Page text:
Reeves: Government is gaslighting people on economy

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By Faisal Islam
Economics editor

The government is “gaslighting” the British people over the state of the economy, Labour has argued.

Shadow chancellor Rachel Reeves told business leaders in a speech on Tuesday the government’s claims its economic plan is working are “deluded”.

Key economic figures this week are likely to show the UK emerging from recession, while the Bank of England could take steps towards interest rate cuts.

The Tories said Labour had “no plan”.

Giving a speech in the City of London, Ms Reeves argued that suggestions the feel-good factor is returning are “completely out of touch with the realities on the ground”.

On Friday, however, the first official data on gross domestic product in the three months to March is likely to show that the economy grew, marking the official end to a shallow recession last year.

The Bank of England could take further steps towards interest rate cuts on Thursday too, ahead of a likely sharp fall in inflation – which measures how prices rise over time – later in the month.

While Ms Reeves acknowledged “these things could happen this month”, the opposition’s intervention is designed to pre-empt the government’s argument about the cost-of-living crisis being over and the coming general election being about “protecting the recovery”.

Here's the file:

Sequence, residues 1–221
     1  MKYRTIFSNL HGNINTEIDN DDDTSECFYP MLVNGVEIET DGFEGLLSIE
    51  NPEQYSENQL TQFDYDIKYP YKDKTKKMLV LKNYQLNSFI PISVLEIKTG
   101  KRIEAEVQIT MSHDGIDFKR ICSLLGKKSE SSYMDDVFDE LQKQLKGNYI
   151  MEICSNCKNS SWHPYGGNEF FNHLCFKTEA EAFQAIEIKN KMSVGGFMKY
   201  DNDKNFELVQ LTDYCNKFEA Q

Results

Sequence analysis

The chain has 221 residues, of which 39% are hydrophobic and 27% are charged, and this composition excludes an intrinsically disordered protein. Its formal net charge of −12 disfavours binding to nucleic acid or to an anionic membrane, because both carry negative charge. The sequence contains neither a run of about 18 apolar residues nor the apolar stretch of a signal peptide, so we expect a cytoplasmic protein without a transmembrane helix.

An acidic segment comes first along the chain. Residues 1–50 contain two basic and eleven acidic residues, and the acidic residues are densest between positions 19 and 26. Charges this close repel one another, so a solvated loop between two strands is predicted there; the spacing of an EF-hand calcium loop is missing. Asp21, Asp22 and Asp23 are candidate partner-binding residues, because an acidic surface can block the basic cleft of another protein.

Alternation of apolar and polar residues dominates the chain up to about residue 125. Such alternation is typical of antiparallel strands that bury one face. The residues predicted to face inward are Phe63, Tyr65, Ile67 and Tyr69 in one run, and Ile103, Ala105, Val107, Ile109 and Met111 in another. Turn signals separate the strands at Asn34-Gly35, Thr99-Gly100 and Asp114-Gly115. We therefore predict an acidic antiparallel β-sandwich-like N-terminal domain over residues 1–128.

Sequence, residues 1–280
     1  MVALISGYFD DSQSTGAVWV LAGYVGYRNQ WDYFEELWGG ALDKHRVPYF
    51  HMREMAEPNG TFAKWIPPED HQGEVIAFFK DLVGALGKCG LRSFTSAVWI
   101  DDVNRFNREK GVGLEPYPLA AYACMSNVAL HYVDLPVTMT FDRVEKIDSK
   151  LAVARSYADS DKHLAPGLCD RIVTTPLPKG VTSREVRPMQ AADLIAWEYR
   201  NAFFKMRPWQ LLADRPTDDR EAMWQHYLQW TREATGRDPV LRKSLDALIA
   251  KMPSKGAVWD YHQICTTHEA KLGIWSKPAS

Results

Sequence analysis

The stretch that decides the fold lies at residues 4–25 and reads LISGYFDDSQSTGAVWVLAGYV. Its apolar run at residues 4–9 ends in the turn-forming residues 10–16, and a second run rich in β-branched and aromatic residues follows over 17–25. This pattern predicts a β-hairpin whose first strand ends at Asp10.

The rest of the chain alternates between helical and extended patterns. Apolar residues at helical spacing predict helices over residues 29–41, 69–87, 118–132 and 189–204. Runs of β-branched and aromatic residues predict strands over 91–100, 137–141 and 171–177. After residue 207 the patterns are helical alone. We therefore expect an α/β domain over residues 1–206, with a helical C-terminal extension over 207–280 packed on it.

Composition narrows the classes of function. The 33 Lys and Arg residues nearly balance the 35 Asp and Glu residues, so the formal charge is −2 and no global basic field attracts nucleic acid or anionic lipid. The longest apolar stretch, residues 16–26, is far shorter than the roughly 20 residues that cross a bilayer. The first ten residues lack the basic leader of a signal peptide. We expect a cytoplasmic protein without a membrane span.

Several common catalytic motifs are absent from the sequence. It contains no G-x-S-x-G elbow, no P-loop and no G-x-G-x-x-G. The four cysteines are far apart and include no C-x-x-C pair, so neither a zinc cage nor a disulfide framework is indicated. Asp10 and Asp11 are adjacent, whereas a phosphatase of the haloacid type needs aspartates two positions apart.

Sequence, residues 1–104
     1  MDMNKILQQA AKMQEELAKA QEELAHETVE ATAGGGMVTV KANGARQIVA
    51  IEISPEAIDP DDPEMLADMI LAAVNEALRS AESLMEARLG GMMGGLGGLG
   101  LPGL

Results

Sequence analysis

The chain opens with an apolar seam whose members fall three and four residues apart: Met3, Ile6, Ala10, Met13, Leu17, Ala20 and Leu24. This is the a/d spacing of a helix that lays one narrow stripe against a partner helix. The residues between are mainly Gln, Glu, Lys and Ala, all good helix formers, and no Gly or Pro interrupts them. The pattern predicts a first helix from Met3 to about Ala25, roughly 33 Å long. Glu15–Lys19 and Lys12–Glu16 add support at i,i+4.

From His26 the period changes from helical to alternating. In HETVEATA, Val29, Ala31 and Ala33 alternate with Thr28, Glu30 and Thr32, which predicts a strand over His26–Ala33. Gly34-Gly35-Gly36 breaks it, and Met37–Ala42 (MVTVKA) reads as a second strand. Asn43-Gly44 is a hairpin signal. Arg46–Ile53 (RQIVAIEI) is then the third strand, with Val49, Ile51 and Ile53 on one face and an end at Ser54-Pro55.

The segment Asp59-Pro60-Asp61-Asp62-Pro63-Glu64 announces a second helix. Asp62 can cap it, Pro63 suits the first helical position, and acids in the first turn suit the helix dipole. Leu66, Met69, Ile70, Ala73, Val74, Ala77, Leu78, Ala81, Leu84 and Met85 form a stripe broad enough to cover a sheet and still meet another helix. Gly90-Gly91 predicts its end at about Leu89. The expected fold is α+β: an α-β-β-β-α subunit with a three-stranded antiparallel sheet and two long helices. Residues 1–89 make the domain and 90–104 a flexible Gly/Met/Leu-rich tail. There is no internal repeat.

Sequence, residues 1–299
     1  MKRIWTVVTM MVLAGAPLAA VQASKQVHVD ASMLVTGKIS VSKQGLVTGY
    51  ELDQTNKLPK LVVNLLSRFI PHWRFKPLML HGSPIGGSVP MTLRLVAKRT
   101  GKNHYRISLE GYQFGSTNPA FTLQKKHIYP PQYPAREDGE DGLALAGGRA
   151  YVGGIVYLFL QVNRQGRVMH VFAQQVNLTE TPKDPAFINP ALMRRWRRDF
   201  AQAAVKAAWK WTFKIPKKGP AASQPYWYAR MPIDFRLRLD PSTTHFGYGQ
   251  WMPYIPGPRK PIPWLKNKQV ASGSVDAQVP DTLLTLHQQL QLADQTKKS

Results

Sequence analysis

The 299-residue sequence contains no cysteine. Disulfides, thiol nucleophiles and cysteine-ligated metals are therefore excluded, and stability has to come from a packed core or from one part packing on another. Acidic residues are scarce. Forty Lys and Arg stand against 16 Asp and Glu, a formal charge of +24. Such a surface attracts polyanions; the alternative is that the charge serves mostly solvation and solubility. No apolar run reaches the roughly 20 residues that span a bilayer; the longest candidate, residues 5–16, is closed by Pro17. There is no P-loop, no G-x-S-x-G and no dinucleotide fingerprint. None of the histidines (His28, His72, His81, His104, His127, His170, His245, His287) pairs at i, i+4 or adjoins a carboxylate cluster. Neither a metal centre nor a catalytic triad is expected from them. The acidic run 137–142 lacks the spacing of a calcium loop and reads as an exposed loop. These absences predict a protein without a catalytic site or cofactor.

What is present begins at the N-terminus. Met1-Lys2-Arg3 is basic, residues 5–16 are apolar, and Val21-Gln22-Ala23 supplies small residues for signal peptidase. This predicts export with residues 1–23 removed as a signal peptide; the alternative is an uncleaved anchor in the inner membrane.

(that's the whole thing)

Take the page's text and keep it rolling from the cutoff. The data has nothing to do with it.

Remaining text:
“The Conservatives are gaslighting the British public,” she said.

“Gaslighting” is psychologically manipulating a person into questioning his or her perception of reality.

Just days after a difficult set of local and mayoral elections for the Conservatives, Ms Reeves announced that Labour hopes to fight the general election “on the economy”, saying that voters could choose “five more years of chaos with the Conservatives” or “stability with a changed Labour Party”.

In response, chairman of the Conservative Party, Richard Holden MP, said: “The personnel may change but the Labour Party hasn’t.”

He said that the Labour Party has “no plan” and would take the British public “back to square one” with higher taxes and higher unemployment rates.

Despite abandoning its long-standing plan to borrow and spend £28bn of public money on new, green industries, Mr Reeves restated Labour’s commitment to a new vision for a green economy, reflecting thinking in the US and Europe.

In February Labour rowed back on plans to spend £28bn a year on environmental projects if it wins the upcoming general election.

Responding to a question from the BBC on Tuesday, Ms Reeves said that getting to clean energy by 2030 and creating green jobs can be done “through other means”, including the creation of GB Energy, the National Wealth Fund, and planning reforms.

Ms Reeves said that investment in low-carbon industries was being held back by the UK planning system.

Last month, her National Wealth Fund “taskforce”, including former Bank of England Governor Mark Carney, and the chief executives of Barclays and Aviva, met to discuss how to raise £22bn in private sector investment in next generation technologies.

It is expected to report back before the summer.

5 days ago9 April


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